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Protests outside London against Nick Griffin appearing on Question Time

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It was not only in London where people came together to protest at the BBC giving a platform to Nazi BNP leader Nick Griffin.
Issue 2174
UAF protest outside Glasgow BBC (Pic: Duncan Brown)
UAF protest outside Glasgow BBC (Pic: Duncan Brown)

It was not only in London where people came together to protest at the BBC giving a platform to Nazi BNP leader Nick Griffin.

Across the country, trade unionists, students and activists gathered outside their local BBC studios to show the Corporation that revulsion at their decision was widespread.

Up to 250 anti-fascists held a lively protest and rally outside the BBC Scotland headquarters in Glasgow. A group of around 30 tried to storm the front door but BBC security staff and police foiled their plans.

A strong trade union presence, including UCU, EIS, Unite (T&G Housing), Unison, and Clydebank Trades Council, joined with NUS Scotland, groups of students from local FE colleges and universities, Glasgow Campaign to Welcome Refugees, Stop the War, representatives from local mosques, plus councillors and members of the Labour and Green parties, and the Scottish National Party.

This was an important first step towards the “Don’t Vote Nazi” campaign in the upcoming Glasgow North East by-election, and building a mass counter-protest to the proposed demo by the Nazi-led racist bigots, “Scottish Defence League”, in the next few weeks.

Over 100 protested outside the BBC in Edinburgh with around 20 outside the offices in Dundee. The response from the public to both protests was very supportive with most people agreeing that Griffin should not be given a platform to spout his poison. The local press covered the protests that included students, school kids, trade unionists, pensioners and members of the local mosques.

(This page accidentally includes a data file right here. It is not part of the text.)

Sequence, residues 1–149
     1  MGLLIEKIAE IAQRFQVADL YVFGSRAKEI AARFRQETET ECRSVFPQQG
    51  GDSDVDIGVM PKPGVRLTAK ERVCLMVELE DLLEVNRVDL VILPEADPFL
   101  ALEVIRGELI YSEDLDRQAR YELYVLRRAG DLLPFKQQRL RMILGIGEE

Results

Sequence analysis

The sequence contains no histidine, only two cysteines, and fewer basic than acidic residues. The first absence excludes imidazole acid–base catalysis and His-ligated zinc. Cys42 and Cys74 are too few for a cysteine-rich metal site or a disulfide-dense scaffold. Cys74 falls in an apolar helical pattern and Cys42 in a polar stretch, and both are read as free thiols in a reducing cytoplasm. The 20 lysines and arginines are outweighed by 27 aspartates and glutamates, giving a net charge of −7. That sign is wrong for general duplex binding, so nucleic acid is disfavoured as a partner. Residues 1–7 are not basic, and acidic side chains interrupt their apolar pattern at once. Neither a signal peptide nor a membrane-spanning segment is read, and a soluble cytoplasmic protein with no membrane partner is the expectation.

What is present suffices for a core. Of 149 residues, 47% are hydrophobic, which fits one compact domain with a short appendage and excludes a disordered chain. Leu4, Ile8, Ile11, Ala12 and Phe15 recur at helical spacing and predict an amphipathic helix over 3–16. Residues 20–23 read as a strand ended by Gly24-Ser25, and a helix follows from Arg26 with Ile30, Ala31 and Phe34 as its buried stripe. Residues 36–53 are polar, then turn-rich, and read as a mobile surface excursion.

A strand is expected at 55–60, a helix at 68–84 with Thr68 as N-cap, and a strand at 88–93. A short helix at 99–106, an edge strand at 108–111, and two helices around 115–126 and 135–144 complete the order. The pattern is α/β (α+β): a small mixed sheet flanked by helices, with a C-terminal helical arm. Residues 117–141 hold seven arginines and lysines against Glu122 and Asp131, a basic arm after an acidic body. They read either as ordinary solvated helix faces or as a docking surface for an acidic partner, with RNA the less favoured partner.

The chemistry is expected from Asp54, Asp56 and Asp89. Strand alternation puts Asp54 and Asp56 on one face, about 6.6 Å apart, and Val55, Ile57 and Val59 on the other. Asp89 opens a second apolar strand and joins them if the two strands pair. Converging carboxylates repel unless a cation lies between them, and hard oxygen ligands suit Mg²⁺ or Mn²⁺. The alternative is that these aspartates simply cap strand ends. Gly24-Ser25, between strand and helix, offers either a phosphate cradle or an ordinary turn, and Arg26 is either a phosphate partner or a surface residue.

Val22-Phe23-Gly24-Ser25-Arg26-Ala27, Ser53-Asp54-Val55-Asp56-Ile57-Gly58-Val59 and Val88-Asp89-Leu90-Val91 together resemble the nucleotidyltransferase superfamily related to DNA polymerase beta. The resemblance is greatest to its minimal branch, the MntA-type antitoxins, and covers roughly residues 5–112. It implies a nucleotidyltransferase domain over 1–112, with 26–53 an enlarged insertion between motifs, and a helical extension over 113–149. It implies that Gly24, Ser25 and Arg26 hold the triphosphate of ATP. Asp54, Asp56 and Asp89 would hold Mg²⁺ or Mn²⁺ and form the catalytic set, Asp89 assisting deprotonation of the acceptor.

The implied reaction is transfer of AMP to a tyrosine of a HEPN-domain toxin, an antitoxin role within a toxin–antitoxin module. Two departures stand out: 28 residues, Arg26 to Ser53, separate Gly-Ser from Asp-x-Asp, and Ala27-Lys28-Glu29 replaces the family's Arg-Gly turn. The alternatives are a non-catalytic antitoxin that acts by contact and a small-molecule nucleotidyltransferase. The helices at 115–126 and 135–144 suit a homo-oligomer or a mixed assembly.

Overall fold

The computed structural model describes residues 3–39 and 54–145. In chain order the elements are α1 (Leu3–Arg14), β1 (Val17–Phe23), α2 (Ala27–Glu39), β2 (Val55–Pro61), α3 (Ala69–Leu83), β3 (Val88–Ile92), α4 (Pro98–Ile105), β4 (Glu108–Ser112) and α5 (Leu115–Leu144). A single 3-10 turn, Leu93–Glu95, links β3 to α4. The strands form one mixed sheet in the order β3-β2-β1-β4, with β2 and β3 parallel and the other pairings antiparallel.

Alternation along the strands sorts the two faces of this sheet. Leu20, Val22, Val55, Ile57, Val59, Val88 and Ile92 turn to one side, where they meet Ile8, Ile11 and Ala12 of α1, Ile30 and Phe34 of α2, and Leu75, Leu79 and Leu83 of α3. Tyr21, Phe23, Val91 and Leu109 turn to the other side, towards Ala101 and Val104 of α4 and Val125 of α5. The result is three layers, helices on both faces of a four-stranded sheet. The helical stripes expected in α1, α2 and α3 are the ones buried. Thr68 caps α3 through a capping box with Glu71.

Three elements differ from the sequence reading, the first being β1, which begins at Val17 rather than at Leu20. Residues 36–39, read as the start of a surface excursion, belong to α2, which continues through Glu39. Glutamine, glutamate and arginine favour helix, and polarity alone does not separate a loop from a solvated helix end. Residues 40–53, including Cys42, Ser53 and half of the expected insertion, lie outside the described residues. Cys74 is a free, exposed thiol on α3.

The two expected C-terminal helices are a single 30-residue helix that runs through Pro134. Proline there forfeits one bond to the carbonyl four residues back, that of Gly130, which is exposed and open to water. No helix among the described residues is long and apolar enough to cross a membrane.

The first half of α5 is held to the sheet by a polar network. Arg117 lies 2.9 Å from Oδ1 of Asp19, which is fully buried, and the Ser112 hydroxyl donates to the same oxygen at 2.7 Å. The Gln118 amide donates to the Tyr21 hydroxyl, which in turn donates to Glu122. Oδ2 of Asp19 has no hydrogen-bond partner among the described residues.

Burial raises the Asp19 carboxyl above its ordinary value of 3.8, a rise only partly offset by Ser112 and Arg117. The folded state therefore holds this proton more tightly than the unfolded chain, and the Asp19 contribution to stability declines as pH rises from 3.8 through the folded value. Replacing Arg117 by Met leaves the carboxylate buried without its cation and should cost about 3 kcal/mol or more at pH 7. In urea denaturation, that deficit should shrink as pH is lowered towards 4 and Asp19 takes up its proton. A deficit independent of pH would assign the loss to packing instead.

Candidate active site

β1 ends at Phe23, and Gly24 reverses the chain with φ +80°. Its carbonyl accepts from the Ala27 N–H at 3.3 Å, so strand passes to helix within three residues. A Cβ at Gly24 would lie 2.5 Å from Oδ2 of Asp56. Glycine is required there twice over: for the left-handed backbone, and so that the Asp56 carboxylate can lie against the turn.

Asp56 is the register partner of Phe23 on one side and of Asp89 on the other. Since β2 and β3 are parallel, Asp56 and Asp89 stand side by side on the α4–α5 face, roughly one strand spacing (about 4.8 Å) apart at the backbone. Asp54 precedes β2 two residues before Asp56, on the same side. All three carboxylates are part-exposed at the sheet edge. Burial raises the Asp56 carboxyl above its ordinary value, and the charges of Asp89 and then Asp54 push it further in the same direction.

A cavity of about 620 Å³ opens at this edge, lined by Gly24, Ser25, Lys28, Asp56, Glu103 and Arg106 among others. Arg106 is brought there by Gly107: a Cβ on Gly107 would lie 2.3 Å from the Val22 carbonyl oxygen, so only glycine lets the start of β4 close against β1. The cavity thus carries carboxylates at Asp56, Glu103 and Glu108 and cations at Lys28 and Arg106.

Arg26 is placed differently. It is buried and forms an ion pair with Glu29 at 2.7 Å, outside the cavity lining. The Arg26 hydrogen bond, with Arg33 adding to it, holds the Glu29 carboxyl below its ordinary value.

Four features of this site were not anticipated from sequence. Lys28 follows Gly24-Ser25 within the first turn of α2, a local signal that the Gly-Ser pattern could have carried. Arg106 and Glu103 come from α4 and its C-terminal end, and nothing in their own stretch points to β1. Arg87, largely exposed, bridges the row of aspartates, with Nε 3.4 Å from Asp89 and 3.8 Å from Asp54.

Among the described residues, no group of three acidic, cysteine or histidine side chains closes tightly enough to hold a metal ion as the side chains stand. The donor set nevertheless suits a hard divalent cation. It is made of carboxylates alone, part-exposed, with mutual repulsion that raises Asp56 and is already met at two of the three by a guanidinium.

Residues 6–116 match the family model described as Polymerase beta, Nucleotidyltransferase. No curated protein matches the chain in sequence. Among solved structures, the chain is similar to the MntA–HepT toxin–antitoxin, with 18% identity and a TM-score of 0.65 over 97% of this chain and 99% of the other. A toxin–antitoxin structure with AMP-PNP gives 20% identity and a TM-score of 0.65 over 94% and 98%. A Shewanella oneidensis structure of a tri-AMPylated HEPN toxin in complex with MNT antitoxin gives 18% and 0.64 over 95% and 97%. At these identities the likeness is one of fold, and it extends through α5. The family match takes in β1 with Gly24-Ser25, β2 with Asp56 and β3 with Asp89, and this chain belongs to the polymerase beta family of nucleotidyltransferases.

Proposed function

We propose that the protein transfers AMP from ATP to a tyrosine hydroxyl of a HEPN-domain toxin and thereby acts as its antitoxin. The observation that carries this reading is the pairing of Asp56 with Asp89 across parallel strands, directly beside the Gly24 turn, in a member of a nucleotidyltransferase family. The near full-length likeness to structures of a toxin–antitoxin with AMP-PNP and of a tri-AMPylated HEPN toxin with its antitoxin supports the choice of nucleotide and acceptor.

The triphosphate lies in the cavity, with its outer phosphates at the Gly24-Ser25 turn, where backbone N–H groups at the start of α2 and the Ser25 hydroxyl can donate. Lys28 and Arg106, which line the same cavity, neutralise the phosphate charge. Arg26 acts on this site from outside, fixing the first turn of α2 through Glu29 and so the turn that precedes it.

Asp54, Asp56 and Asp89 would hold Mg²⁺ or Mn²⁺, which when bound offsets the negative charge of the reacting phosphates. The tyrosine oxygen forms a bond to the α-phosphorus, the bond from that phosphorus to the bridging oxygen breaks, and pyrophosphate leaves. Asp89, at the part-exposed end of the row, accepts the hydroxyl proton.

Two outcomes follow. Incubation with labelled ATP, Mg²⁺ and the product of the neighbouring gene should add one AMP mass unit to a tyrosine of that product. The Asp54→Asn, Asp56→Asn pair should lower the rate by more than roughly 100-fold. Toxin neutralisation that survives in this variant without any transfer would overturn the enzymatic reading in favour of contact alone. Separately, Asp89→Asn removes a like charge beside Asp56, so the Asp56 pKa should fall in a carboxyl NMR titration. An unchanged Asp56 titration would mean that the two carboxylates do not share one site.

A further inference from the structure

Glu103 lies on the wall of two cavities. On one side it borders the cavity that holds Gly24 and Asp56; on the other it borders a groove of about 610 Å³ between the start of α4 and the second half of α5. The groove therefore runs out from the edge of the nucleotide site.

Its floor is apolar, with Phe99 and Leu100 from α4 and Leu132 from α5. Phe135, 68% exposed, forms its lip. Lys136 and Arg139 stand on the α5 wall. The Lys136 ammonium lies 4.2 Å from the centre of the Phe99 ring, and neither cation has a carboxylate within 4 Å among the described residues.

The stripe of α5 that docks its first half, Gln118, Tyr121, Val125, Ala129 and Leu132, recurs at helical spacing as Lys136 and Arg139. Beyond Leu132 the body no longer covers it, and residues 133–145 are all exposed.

In Bristol around 90 people gathered to have a lively and vocal protest outside the BBC building there. When campaigners asked to have a local reporter come and speak to them about their views, they were refused the opportunity to speak out against Nazi Nick Griffin.

This enraged the protesters who then ran round the back of the building hoping to find an alternative entrance.

Jaz, a firefighter who was on the protest told Socialist Worker, “We ended up in the car park at the back of the building, blockaded by two lines of police. Although we didn’t get in to the building I think we made our point!”

The majority on the march were students, while local trade unions were well represented with banners from Unison, NUT, PCS and Unite unions as well as workers from other sectors.

Ireland also saw protests—over 100 in Belfast at the BBC at some 40 anti-fascists gathered in Derry.


Up to 100 people anti fascists gathered outside the BBC studio in Seymour Road, Plymouth, on Thursday night, to protest against Nick Griffin’s appearance on Question Time.

The noisy rally chanted “BBC, shame on you” as they delivered a letter from Plymouth Unite against Fascism that condemned the broadcast. The letter stated that producers and directors were out of touch with lives of Black, Asian, and particularly Muslim people who faced abuse and violence from race hate, and that it was a conceit of the chattering classes that freedom of speech was the most important value here.

Second World War veteran Paddy Ryan, from Devon Pensioners’ Forum, said working people had fought the Nazis during the war, and were appalled to see them on their TV screens.

Young people, students and Palestine Solidarity Campaign supporters cheered as Lesley Crawford, from Plymouth Unite Against Fascism (UAF) remarked that the BBC had refused to broadcast a humanitarian appeal for the Palestinians in Gaza earlier this year, but was now quite prepared to broadcast Griffin’s views.

Jeremy Guise, assistant secretary of Plymouth TUC pledged, “We will ensure that the BNP is always challenged in our city, show that they are not part of our community and that they not welcome here.”

The BBC made a big mistake inviting Griffin onto Question Time.

Tensions rose as the protest finished and a small group of hooded men in fatigues looked on from a distance and gave Nazi salutes. Griffin may pretend not to be a Nazi, but his followers still have some difficulty holding the mask in place.

Our confident gathering soon shouted them down with “Nazi scum off our streets” and saw them off.

Demonstrations also took place in Leeds, Nottingham and Liverpool.

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